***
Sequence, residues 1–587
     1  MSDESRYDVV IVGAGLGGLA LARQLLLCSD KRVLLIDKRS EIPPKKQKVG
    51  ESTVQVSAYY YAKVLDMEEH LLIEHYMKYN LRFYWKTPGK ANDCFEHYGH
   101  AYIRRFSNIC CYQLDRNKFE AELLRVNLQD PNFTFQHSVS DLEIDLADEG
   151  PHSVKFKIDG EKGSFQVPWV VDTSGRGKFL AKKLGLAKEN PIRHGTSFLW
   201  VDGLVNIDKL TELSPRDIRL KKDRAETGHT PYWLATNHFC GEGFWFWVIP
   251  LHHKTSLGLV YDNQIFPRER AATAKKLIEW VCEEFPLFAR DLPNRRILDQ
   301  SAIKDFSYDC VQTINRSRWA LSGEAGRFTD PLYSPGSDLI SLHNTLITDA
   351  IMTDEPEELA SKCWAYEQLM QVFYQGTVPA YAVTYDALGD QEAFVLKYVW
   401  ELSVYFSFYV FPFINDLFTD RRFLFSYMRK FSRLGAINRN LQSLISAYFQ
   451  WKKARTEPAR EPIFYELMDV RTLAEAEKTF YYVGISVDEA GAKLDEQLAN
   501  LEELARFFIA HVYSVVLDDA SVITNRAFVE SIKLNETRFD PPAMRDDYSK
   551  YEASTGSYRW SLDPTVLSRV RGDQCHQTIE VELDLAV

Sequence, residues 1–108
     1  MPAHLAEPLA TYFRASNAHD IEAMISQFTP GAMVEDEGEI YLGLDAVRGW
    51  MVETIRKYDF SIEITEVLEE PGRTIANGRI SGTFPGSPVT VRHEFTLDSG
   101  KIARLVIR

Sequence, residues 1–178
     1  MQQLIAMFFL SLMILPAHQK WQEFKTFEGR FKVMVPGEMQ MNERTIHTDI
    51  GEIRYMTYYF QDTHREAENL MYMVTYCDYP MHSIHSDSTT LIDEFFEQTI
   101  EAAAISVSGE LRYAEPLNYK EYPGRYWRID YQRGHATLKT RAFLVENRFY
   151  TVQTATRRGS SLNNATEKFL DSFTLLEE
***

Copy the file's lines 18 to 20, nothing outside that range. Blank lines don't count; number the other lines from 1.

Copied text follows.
Sequence, residues 1–178
     1  MQQLIAMFFL SLMILPAHQK WQEFKTFEGR FKVMVPGEMQ MNERTIHTDI
    51  GEIRYMTYYF QDTHREAENL MYMVTYCDYP MHSIHSDSTT LIDEFFEQTI